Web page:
Step 3: Attracting new clients
Once you’ve done your research on the industry and the costs, the real fun (and work) can begin. You’ll need to focus on getting your landscaping or lawn care business off the ground with advertising, marketing, and more. You’ll also need to keep it strong for the long haul by finding the right insurance and hiring the right employees.
While lawn care flyers hung around the neighborhood used to be the gold standard for advertising, today’s lawn care business owners must consider more than one way to promote themselves, including:
- Online marketing: Creating a website or a company page on Facebook, LinkedIn, and other social media channels is a great way to connect with potential customers, demonstrate your legitimacy, and make it easy for people to contact you. If you’re interested in a more robust online presence, you could maintain a blog or purchase online ads targeted to your ideal customers.
- Physical advertising: If your audience is local or older, flyers and brochures may still prove effective ways to connect with them and spread awareness about your business. Both are often relatively inexpensive and can help you establish yourself in the early months.
- Word of mouth and referrals: For any business, one of the best sources of new customers is referrals from happy existing clients. Make it part of your standard policy to ask your clients whether they know of anyone else who could use your services. You can sweeten the offer by providing a special deal if and when a referral becomes a client.
- Special offers: Offering special pricing for new customers can help introduce your services to people. During slow seasons, try creating promotions (e.g., spring garden preparation in the fall) that attract customers who might otherwise not think to hire a lawn care or landscaping business.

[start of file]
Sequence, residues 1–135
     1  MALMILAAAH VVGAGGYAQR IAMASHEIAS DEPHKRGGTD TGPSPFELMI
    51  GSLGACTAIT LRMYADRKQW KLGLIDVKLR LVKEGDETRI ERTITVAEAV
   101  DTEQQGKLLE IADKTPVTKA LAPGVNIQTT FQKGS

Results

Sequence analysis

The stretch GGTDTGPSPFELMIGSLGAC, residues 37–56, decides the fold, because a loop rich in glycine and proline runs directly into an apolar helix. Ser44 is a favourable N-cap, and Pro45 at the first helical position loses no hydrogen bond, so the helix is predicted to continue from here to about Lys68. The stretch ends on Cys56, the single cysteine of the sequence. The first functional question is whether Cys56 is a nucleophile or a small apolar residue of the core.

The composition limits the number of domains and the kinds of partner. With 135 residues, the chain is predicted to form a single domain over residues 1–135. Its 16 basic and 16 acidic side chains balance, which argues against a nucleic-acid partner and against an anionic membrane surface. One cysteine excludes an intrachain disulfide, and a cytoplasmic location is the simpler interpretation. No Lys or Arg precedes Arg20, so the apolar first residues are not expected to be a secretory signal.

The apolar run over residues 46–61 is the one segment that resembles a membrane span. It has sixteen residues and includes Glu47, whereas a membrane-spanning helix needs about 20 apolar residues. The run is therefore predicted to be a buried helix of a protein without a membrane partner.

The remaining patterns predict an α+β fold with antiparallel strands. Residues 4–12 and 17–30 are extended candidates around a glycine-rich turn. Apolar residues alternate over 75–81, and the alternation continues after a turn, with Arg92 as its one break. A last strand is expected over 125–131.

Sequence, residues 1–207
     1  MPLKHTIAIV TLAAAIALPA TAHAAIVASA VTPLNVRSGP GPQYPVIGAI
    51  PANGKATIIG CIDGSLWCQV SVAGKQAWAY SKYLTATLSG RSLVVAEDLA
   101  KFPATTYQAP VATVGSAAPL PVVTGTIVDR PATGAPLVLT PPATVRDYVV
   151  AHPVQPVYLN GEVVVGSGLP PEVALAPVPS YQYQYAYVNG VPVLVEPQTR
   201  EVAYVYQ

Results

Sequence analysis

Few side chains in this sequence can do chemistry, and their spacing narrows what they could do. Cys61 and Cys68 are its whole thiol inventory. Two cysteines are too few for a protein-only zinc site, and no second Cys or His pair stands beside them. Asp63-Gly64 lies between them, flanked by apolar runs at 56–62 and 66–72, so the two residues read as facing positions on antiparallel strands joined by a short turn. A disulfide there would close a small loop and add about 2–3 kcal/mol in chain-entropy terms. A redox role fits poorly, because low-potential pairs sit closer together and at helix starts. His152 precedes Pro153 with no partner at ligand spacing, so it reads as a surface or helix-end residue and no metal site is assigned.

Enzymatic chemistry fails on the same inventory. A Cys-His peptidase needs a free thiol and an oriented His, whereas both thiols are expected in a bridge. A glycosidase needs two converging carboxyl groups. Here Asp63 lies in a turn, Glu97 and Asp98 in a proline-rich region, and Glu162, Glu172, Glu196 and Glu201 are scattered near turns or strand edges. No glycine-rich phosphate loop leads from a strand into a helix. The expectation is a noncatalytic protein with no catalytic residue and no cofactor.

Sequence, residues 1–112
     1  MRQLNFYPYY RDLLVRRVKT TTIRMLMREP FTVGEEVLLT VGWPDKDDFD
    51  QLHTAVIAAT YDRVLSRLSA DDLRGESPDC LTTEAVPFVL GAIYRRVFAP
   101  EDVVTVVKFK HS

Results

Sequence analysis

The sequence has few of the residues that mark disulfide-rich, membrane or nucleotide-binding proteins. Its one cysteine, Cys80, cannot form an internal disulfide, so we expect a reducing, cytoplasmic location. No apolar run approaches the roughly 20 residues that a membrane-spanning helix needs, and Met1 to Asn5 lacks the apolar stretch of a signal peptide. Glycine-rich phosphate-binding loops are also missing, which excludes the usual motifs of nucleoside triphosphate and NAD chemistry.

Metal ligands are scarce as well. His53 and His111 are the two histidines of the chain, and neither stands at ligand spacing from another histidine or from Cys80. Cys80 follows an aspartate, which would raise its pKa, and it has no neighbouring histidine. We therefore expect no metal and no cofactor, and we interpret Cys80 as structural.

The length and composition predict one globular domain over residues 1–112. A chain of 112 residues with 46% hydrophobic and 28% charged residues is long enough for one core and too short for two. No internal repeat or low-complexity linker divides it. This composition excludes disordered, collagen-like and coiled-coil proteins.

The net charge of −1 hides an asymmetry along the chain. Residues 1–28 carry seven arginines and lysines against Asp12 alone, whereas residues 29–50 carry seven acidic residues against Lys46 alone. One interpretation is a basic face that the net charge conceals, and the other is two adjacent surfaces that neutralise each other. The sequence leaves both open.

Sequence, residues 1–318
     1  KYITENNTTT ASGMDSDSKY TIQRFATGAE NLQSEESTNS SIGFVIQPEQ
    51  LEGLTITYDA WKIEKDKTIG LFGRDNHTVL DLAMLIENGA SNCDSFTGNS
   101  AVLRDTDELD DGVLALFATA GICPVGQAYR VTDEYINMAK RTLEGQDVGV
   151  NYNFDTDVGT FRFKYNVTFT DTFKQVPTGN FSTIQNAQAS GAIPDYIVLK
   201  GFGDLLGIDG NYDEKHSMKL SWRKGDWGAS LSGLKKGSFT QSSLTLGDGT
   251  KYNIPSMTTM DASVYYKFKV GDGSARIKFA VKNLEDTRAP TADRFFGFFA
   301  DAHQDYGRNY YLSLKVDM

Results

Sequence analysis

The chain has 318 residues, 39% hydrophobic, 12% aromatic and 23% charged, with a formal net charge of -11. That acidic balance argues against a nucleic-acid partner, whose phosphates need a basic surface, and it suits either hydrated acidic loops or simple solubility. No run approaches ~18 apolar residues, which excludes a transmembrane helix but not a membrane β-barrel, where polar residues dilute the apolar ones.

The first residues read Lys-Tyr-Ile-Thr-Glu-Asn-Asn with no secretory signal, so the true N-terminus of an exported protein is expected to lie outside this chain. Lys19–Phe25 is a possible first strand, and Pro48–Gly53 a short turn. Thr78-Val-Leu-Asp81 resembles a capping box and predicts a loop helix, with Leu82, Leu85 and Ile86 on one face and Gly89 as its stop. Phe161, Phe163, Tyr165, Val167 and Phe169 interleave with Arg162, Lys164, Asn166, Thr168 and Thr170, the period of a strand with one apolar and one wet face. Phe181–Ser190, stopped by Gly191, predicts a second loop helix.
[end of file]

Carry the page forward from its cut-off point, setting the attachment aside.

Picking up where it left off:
Step 4: Hiring employees
If you find you require someone besides yourself to serve your clients, you’ll need to have a strategy for finding the right employees for your business. While your individual needs will dictate some of your hiring decisions, a few basic principles can help all landscaping businesses:
- Offer a competitive wage. One of the best ways to attract and retain high-quality employees is to offer a decent salary.
- Incentivize long-term employment. The longer you can hold on to good employees, the less time, energy, and money you’ll have to spend looking for and interviewing new ones.
- Consider the hidden costs. Turnover is expensive for a lawn care business; every time you need a new employee, you have to devote valuable time to finding, screening, and training someone.
- Workers’ compensation. Most states require workers’ compensation insurance after you hire your first employee. Make sure your business is in compliance to avoid fines and penalties.
Step 5: Protecting your business and clients
While running a landscaping or lawn care business means you’ll get to spend your days outside in the sunshine, it also means you’ll face a number of risks. You could break your expensive equipment, damage a client’s property, or even cause injuries to one of your customers or employees.
Lawn care and landscaping business insurance can protect you against all these risks. With adequate insurance policies in place, you can avoid spending your hard-earned profits on expenses related to accidents, property damage, and personal injuries that happen on the job.
This post was updated in October 2018